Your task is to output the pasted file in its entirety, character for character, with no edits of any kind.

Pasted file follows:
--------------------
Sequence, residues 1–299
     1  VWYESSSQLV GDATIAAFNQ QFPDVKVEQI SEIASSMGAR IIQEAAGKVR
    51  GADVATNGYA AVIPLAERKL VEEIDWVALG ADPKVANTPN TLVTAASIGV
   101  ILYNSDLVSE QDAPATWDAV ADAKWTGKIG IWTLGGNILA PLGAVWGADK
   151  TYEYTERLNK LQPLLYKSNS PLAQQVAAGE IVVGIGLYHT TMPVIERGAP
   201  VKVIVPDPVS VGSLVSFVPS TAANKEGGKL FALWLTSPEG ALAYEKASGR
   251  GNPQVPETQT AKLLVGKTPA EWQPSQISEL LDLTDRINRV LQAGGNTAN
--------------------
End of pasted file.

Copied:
Sequence, residues 1–299
     1  VWYESSSQLV GDATIAAFNQ QFPDVKVEQI SEIASSMGAR IIQEAAGKVR
    51  GADVATNGYA AVIPLAERKL VEEIDWVALG ADPKVANTPN TLVTAASIGV
   101  ILYNSDLVSE QDAPATWDAV ADAKWTGKIG IWTLGGNILA PLGAVWGADK
   151  TYEYTERLNK LQPLLYKSNS PLAQQVAAGE IVVGIGLYHT TMPVIERGAP
   201  VKVIVPDPVS VGSLVSFVPS TAANKEGGKL FALWLTSPEG ALAYEKASGR
   251  GNPQVPETQT AKLLVGKTPA EWQPSQISEL LDLTDRINRV LQAGGNTAN